"They're still growing into the reality that they're in," Madrigal Delgado said.
But they will feel it, she said, when it comes time to figure out how to pay for higher education. The work permit that comes with DACA has helped many fund their college dreams that they otherwise couldn't afford. Undocumented students don't have access to federal student loans, and working without a permit generally yields much lower wages.
Even for those like Madrigal Delgado who already have DACA protection, the new restrictions have ramifications.
Participation in the program, including the work permits, used to have to be renewed every two years. Now, since July, the Trump administration is requiring renewal every year, essentially doubling the cost.
But beyond the financial strain is the concern that processing centers can sometimes take a year or more to renew a DACA permit.
Madrigal Delgado said she is hopeful that a Biden administration might mean more security for people in her situation, but she's not counting on it.
"I am bracing myself for another four years of Trump," Madrigal Delgado said.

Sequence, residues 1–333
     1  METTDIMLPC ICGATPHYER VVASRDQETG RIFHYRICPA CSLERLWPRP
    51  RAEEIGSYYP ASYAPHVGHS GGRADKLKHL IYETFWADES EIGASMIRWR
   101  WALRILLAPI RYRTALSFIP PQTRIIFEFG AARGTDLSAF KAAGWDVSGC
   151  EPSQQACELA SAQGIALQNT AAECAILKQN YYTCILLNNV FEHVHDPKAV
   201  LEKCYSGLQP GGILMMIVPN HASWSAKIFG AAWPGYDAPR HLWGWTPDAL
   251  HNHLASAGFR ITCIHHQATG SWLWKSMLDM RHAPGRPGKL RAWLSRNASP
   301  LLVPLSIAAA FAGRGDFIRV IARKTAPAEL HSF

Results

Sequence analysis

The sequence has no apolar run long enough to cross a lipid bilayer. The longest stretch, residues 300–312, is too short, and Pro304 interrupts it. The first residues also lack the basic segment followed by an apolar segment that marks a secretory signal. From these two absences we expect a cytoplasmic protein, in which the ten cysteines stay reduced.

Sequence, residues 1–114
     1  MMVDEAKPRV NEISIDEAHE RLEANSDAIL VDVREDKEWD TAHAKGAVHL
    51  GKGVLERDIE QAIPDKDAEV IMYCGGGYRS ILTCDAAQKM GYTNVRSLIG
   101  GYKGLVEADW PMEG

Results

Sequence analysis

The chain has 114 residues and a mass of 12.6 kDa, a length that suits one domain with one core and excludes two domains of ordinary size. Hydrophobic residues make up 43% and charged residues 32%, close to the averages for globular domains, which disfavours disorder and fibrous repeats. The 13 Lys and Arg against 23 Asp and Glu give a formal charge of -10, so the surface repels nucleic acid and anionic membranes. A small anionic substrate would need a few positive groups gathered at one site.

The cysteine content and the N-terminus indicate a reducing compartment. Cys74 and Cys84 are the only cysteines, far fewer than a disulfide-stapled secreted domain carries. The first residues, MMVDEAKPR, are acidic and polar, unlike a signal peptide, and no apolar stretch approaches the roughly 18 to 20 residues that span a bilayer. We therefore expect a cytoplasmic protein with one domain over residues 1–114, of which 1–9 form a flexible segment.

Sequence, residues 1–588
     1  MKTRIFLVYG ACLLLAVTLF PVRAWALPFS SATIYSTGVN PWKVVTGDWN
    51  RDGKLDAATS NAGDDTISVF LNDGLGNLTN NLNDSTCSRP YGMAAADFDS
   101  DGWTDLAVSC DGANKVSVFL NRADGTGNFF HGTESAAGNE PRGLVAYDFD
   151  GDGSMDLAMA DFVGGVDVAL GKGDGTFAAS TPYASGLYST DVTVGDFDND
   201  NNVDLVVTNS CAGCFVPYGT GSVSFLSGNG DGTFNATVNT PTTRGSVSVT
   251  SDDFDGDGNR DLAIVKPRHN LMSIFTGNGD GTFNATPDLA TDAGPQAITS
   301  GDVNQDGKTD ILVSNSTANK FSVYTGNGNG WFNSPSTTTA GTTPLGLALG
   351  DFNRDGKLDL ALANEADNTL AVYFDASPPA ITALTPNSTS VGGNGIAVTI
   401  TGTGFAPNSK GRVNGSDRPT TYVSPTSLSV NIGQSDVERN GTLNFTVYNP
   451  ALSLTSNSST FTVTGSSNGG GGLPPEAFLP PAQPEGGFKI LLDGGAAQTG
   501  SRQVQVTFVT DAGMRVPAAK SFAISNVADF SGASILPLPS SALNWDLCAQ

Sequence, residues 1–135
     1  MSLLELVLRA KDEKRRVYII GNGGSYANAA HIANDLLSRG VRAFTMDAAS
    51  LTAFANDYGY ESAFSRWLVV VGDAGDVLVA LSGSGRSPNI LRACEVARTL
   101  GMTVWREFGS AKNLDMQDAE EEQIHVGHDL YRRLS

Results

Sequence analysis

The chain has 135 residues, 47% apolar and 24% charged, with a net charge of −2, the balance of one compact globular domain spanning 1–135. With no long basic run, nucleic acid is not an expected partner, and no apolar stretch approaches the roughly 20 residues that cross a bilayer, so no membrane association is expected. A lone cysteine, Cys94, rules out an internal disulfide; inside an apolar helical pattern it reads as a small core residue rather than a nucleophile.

She said that even if Joe Biden becomes president, she hopes that voters will push him to work for a more lasting protection for undocumented immigrants than the DACA program has provided. She wants to see Congress create a path to citizenship.
"Had Obama and his administration done something that was more permanent like a reform, we wouldn't be where we are now," Madrigal Delgado said. "That's what people need to remember."
Dulce Garcia, a DACA recipient and Chula Vista-based immigration lawyer, is one of the plaintiffs in the case that went before the Supreme Court. She said she's working to encourage people who can vote to vote, focusing not only on the presidential race but also Congress.
"We hope the elections change all of this so that we don't have to keep fighting for our existence here," Garcia said. "It's exhausting."
She said that the legal team on her case and the cases linked to it are already planning to take the new restrictions back to court.
"If we have to take this again to the Supreme Court, we will," she said.
(c)2020 The San Diego Union-Tribune. Distributed by Tribune Content Agency, LLC.